The progressive increase in the complexity of IT infrastructures has created various points of failure in IT environments over the years: servers, network architectures, storage devices, and endpoints. It is the most common threat to business continuity and one of the strengths of cloud business continuity. Also, in this case, high availability is closely connected to redundancies, translating into significant investments in hardware and management skills.
Cloud providers invest billions of dollars yearly in their infrastructure along the two lines of performance and security. The cloud is a natively redundant model because only in this way can providers commit to very challenging SLAs (Service Level Agreements) exceeding 99% uptime. To this end, think of Google’s e-mail and the clamor that caused a few hours of downtime at the end of 2020. Redundancy, as mentioned, is inherent in the model: the company (or the end-user) must not foresee any expense or dedicated investment.
Interruption of energy supplies
The classic blackouts involve private users, companies, their IT infrastructures, and related production systems. A blackout can paralyze a company, causing damage, compliance risks, and reputational crises. In this area, the combination of cloud business continuity is a winner.
Power outages in corporate data centers are manageable but costly. To keep IT systems operational, the company must first equip itself with uninterruptible power supplies capable of guaranteeing autonomy for a period deemed adequate to restore reserves (a few hours at most). If their business continuity is at the center of specific regulatory obligations, companies can further protect themselves by adopting two independent electricity supply lines. An even more advanced (and expensive) hypothesis involves acquiring fuel generators (often huge diesel engines) to be added to the UPS. While the latter intervene instantly so as not to cause downtime but to have limited autonomy, the generator can also guarantee days of continuous operation.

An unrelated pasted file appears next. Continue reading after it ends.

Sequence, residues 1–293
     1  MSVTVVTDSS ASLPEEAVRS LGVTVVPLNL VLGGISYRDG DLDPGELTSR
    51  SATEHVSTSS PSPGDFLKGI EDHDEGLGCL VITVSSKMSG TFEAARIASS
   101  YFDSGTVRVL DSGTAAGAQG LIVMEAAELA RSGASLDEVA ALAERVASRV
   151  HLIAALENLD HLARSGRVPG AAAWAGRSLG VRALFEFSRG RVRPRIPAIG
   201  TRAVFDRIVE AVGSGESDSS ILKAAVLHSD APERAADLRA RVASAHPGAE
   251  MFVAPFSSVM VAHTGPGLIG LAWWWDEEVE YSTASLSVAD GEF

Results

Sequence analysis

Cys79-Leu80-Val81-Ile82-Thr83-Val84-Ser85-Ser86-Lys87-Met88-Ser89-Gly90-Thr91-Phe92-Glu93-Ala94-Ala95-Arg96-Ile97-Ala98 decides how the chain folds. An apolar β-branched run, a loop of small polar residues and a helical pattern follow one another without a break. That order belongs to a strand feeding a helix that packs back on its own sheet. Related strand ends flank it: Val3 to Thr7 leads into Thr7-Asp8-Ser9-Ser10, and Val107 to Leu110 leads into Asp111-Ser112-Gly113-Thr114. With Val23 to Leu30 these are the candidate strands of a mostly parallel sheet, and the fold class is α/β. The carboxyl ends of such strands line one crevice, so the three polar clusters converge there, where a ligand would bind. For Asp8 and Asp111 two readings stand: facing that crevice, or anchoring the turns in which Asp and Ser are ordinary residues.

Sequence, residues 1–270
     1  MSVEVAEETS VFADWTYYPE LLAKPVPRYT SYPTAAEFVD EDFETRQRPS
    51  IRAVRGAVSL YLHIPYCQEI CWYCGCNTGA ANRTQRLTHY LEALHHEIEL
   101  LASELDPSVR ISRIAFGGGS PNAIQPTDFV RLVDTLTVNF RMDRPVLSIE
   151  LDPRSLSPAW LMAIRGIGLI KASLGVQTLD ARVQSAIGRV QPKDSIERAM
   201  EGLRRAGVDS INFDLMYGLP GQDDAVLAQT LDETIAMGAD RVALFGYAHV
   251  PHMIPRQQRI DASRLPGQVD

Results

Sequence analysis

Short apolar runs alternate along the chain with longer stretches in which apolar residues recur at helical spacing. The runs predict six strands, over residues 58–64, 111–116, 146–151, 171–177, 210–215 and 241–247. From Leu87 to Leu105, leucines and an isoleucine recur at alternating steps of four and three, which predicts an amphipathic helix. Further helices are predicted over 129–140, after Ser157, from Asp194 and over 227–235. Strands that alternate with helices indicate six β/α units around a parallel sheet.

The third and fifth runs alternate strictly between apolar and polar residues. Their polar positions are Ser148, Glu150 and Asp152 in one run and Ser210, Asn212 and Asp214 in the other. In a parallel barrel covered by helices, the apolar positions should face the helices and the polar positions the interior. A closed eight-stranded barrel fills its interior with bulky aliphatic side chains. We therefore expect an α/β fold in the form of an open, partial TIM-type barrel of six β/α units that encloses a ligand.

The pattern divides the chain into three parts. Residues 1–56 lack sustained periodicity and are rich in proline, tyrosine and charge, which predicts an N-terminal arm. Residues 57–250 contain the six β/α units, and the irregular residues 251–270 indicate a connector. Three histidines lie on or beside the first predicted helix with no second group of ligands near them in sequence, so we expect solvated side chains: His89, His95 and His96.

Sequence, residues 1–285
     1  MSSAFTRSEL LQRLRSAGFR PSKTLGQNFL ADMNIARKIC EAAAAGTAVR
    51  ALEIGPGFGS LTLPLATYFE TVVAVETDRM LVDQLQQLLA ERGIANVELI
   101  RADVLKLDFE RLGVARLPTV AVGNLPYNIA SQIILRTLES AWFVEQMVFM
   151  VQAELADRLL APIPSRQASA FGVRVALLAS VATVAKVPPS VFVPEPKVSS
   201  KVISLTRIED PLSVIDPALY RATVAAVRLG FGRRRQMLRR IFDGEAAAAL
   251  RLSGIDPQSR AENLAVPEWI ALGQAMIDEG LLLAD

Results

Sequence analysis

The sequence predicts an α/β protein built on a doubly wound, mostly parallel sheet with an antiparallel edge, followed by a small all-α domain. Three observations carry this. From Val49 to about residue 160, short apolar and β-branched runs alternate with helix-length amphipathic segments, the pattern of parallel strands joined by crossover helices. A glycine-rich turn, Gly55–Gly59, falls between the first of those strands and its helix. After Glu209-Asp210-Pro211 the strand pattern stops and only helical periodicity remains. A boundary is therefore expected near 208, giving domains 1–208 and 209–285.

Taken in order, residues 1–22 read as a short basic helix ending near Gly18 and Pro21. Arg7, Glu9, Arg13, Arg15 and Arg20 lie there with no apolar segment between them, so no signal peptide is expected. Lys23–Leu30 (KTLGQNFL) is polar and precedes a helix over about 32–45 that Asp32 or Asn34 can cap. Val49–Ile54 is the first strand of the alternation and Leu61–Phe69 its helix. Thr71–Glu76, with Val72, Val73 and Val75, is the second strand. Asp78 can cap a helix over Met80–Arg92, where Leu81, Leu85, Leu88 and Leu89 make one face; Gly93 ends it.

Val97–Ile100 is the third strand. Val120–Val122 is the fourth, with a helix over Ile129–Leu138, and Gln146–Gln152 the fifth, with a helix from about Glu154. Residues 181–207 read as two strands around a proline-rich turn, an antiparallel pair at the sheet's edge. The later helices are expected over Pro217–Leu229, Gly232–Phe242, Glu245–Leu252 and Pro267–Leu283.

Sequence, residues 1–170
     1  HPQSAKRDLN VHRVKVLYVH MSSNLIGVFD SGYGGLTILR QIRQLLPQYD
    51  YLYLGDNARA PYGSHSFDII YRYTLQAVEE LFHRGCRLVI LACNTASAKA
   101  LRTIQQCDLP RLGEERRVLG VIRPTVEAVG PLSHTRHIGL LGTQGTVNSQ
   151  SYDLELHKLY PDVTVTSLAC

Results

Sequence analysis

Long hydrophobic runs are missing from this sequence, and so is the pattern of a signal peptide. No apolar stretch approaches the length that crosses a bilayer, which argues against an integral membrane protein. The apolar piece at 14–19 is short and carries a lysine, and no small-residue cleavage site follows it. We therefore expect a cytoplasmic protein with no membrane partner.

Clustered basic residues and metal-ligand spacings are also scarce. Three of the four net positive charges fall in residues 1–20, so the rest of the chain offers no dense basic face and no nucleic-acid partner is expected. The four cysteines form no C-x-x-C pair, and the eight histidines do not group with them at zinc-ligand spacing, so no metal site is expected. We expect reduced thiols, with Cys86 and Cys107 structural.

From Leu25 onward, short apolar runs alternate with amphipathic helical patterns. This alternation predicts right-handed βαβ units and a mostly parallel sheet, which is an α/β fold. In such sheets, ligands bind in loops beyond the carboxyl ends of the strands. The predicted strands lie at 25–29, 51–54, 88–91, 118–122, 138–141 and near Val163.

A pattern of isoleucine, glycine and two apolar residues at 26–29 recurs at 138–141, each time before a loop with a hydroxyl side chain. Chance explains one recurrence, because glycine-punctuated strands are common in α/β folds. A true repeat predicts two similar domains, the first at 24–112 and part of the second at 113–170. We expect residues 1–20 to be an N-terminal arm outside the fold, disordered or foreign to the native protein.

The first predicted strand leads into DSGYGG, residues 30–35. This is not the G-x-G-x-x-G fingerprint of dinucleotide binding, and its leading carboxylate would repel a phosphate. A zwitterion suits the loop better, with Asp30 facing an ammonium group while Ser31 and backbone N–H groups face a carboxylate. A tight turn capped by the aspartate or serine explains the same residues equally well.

How does cloud business continuity work? It has already been said that the public cloud is based on a concept of resilience integrated into the service model. This means that the data centers of large providers natively integrate all of the above operational protection systems, which is essential for ensuring compliance with challenging SLAs. In addition to fully declaring all the protection systems adopted, cloud data centers have specific certifications relating to security management processes and infrastructure resilience. By way of example, the Tiers of the Uptime Institute are part of this second category: it certifies it as Tier 4, by way of example, guarantees an uptime of 99.995% on an annual basis, i.e., interruptions (added) must not exceed 26.3 minutes.
Increasingly insidious cyber attacks
Risk factor par excellence, cybercrime is a topic that affects all companies, regardless of the size, activity, and value of their data.
This is another central theme in cloud business continuity, but with some conceptual differences compared to the previous cases. The cloud is not limited to adopting state-of-the-art defense solutions and technologies, to which companies only sometimes have access (often due to lack of specialist skills), but completely renews the cyber security paradigm. If on-premise environments tend to be bound by perimeter protection, the cloud extends the perimeter indefinitely and makes it fluid to support new work and relationship models.
From protecting the infrastructure, we, therefore, move, with the Zero-Trust models, to protect networks, devices, identities, and accesses, integrating all these areas into a systemic model, centrally managed and equipped with advanced technologies such as artificial intelligence.